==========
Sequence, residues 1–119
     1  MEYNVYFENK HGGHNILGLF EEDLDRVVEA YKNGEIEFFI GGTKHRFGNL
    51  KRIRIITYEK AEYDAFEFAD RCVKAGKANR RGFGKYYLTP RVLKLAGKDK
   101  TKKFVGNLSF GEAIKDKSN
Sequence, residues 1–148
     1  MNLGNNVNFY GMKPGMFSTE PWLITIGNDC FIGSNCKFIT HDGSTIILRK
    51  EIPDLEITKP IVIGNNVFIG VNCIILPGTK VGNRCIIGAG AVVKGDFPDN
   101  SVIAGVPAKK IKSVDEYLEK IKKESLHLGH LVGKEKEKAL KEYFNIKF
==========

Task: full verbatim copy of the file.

Sequence, residues 1–119
     1  MEYNVYFENK HGGHNILGLF EEDLDRVVEA YKNGEIEFFI GGTKHRFGNL
    51  KRIRIITYEK AEYDAFEFAD RCVKAGKANR RGFGKYYLTP RVLKLAGKDK
   101  TKKFVGNLSF GEAIKDKSN
Sequence, residues 1–148
     1  MNLGNNVNFY GMKPGMFSTE PWLITIGNDC FIGSNCKFIT HDGSTIILRK
    51  EIPDLEITKP IVIGNNVFIG VNCIILPGTK VGNRCIIGAG AVVKGDFPDN
   101  SVIAGVPAKK IKSVDEYLEK IKKESLHLGH LVGKEKEKAL KEYFNIKF